Hungary, Ecuador, Mexico, Turkey, and Pakistan, for example, are all classified as electoral democracies by the Freedom House.2 But in these and many other countries, harassment of political opponents, censorship or self-censorship in the media, and discrimination against minority ethnic/religious groups run rampant. Fareed Zakaria coined the term ‘illiberal democracy’ for political regimes such as these that hold regular elections but routinely violate rights (Zakaria 1997). More recently, political scientists Steve Levitsky and Lucan Way (2010) have used the term ‘competitive authoritarianism’ to describe what they view as hybrid regimes between democracy and autocracy.
Democracy developed in Western Europe out of a liberal tradition that emphasized individual rights and placed limits on state coercion (Ryan 2012, Fawcett 2014, Fukuyama 2014). In Britain, France, Germany, and even the US, mass enfranchisement arrived only after liberal thought had become entrenched. Most of the world’s new democracies, by contrast, emerged in the absence of a liberal tradition and did little to foster one. As the shortcomings of these democracies have become more evident, it has become commonplace to talk about a ‘democratic recession’ (Diamond 2015). ...
Circumstances supporting civil rights But liberal democracies do exist, and the question is how they can ever be sustained in equilibrium. We discuss several circumstances that can mitigate the bias against civil rights in democracies.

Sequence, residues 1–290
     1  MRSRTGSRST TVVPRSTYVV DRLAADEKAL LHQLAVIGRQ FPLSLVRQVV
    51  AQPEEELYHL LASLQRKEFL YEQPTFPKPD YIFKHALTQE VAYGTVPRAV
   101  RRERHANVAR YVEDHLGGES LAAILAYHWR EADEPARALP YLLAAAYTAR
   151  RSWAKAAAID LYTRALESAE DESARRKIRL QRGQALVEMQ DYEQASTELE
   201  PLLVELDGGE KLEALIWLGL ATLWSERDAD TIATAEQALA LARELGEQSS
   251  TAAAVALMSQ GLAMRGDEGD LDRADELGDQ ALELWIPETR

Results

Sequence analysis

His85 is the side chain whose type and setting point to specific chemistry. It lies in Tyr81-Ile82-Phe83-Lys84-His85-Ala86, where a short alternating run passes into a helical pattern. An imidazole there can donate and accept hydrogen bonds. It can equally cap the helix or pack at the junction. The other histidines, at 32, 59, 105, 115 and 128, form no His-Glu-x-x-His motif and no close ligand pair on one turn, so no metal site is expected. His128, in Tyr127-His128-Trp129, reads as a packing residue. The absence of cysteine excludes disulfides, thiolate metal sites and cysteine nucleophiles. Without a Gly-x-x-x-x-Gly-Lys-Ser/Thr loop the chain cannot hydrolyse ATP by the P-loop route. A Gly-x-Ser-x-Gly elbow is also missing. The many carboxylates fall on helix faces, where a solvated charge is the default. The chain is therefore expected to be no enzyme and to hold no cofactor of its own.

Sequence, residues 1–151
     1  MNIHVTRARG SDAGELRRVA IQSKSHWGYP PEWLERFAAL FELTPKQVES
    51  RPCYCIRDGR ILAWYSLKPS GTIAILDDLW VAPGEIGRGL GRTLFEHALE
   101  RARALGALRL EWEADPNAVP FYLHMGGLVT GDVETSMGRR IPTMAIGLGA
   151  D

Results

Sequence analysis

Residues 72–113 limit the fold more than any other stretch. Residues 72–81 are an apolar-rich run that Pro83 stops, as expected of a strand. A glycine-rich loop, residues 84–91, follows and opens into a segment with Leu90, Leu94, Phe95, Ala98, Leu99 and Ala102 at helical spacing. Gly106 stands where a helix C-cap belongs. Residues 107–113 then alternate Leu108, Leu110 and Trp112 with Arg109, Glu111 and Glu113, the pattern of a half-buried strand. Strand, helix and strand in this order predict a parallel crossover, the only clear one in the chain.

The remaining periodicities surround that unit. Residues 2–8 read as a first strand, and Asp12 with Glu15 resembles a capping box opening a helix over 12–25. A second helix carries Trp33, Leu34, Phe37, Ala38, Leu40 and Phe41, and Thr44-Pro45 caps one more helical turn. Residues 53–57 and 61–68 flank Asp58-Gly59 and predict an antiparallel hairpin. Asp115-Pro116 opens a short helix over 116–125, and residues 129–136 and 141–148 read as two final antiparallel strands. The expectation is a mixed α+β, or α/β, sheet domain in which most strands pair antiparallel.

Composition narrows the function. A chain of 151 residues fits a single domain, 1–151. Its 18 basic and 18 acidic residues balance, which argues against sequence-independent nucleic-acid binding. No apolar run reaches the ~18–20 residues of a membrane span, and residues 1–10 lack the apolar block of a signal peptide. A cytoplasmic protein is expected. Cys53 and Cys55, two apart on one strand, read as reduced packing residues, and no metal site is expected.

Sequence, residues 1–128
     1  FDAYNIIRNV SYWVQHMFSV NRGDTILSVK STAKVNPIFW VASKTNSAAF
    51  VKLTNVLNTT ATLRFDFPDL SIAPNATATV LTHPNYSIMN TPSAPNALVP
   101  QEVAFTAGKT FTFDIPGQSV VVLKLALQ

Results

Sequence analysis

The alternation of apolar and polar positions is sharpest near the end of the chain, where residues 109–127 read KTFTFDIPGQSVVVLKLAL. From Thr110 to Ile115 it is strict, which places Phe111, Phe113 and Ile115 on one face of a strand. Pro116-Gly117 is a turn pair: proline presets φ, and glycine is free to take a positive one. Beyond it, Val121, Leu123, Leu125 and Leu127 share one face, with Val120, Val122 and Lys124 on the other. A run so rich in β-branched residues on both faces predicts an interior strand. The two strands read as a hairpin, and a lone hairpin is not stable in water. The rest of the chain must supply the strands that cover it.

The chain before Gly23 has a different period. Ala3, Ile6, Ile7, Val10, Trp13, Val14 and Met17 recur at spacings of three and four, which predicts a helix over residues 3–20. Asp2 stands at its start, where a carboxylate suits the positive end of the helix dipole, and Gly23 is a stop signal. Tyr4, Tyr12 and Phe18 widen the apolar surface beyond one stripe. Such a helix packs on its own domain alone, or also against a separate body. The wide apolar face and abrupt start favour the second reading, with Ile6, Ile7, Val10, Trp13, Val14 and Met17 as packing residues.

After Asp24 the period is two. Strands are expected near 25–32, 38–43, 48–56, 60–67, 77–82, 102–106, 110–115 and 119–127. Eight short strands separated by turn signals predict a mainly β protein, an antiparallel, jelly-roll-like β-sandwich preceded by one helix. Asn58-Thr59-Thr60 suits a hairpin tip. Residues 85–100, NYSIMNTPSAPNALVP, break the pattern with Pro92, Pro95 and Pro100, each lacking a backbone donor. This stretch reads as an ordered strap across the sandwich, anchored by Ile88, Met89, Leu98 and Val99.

- First, there may not be a clear, identifiable cleavage – ethnic, religious, or otherwise – that divides the majority from the minority.
In highly homogenous societies, the ‘majority’ derives few benefits from excluding the ‘minority’ from public goods and suffers few costs from providing equal access. This may account for the emergence of liberal democracy in Sweden during the early part of the 20th century or in Japan and South Korea more recently.
- Second, the two cleavages that distinguish the majority from the minority and the elite from the non-elite may be in close alignment.
In such a case, the elite will seek both property and civil rights as part of the political settlement with the majority. Think, for example, of the position of the white minority government in South Africa prior to the transition to democracy in 1994.
- Third, the majority may be slender and need the support of the minority to mount a serious challenge to the elite.
Or there may be no clear-cut majority, with society characterized by a preponderance of cross-cutting cleavages. In these cases, repeated game incentives may ensure that each group recognizes the rights of others in return for its rights being protected by them. Lebanon’s ‘consociational’ democracy may have been an example of this, before differential population growth and outside intervention upset the pre-existing balance of power among different religious denominations.
The role of societal cleavages As these examples make clear, two societal cleavages play a crucial role in our story.
- First, there is the divide between the propertied elite and the poor masses.
This is largely an economic divide and is determined by the division of land, capital and other assets in society, as well as access to the opportunities for accumulating those assets. Standard class-based accounts of the dynamics of political regimes emphasize primarily this cleavage.